This program was established in the 2009-2010 school year at Kenneth Hahn State Recreation Area in the Baldwin Hills. It aims to compliment the Ballona Wetlands Education Program by introducing students to upland coastal sage scrub habitat within the Ballona Creek Watershed, and its curriculum reach extends to sixth grade. Last year alone, about 1300 students explored the native plant and wildlife garden, observed first-hand the unique geology of the LA Basin, and learned about the importance of greenspace in urban areas for migratory birds.

Baldwin Hills Greenhouse Program

After collaborating with the Dorsey High School eco-club in the 2007-2008 school year for a habitat restoration event and a bird count, we established the Baldwin Hills Greenhouse Program the following year, starting with 12 students. This year, we accepted 65 students into this program. This program pays students from a highly impacted inner-city school to conduct scientific research at Baldwin Hills Scenic Overlook State Park, develop and implement environmental curriculum for elementary school students, and lead community volunteers in habitat restoration projects. Through these endeavors, students actively engage and improve their communities and gain valuable work experience for their college and professional resumes. Students graduating from this program have gone on to some of the top universities in the country, including Brown University, UCLA, UC Berkeley, and Williams College. Many students continue to participate in Audubon conservation and education programs after graduation as well.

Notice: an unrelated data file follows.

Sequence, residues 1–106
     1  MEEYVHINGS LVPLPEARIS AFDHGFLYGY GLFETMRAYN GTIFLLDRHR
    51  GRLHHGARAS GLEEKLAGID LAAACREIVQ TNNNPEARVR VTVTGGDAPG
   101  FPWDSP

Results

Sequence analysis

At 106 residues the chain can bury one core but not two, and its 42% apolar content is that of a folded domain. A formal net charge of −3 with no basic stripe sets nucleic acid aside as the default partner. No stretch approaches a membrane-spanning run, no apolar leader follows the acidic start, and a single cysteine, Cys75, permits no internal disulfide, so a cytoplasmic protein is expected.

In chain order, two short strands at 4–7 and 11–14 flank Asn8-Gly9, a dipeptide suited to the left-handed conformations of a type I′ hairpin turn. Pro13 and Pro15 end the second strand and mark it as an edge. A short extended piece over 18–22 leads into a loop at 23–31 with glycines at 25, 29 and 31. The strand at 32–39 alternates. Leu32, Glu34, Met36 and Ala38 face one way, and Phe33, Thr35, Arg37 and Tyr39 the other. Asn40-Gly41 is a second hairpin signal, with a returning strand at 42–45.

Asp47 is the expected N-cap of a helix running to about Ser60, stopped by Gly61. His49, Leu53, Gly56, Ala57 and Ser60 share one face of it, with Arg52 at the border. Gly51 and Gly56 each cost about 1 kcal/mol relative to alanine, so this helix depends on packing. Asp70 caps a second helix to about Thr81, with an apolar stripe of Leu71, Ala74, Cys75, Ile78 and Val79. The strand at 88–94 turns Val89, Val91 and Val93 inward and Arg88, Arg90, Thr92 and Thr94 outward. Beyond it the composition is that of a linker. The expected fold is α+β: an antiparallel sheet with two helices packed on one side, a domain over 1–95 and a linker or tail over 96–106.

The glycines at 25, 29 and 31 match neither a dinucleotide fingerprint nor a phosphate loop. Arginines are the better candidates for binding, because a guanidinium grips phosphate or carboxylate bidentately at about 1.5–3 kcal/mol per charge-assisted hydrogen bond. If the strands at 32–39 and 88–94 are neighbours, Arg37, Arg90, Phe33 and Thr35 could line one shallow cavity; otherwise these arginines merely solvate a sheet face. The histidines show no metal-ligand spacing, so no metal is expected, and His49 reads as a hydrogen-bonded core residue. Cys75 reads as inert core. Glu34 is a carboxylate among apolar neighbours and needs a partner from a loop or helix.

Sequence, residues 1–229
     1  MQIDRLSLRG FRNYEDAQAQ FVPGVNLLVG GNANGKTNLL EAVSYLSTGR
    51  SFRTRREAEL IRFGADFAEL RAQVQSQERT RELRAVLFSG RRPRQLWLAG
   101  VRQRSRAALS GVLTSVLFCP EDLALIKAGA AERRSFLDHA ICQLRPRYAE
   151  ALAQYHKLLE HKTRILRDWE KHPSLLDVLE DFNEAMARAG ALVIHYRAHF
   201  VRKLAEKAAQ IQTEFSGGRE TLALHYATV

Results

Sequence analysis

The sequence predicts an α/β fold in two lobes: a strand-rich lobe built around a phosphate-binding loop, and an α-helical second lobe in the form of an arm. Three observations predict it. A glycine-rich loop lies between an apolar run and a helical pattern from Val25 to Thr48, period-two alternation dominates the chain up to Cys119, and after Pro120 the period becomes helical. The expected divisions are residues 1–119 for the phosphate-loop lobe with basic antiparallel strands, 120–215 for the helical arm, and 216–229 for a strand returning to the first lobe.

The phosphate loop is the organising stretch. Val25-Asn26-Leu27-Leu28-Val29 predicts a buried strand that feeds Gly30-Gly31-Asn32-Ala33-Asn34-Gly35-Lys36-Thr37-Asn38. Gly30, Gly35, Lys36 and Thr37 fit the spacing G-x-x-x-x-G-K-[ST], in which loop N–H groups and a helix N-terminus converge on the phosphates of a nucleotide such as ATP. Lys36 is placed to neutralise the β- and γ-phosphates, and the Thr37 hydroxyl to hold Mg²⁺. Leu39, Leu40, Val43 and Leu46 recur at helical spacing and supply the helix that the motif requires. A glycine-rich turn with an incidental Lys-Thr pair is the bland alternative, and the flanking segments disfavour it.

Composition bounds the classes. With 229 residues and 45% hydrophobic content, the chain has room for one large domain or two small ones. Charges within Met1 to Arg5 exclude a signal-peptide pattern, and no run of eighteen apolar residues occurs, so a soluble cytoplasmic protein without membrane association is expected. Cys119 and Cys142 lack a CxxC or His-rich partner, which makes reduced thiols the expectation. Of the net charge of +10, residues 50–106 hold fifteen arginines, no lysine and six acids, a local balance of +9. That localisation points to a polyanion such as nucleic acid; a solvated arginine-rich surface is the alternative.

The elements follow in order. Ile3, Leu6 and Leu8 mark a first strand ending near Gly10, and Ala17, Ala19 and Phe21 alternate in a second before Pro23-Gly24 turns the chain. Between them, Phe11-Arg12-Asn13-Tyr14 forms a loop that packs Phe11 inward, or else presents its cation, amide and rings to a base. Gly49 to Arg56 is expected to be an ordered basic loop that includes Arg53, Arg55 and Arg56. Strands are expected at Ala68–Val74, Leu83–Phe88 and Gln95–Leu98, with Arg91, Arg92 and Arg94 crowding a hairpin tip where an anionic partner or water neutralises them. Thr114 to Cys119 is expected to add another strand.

Science Illustration Program

Serving 40-60 students each year, mostly at the elementary school level, the Science Illustration Program kicked off in 2010 when students created Snowy Plover conservation posters as part of Audubon California’s Share the Shore grant program. Culminating each year in the Conservation Art Show, the Science Illustration program has steadily engaged students in projects that combine conservation and art, producing the Kill Your Lawn comic book, the Field Guide to Politi Elementary School, and nine online galleries of student work. Student illustrations have been featured in Audubon Magazine.

Politi Elementary Schoolyard Habitat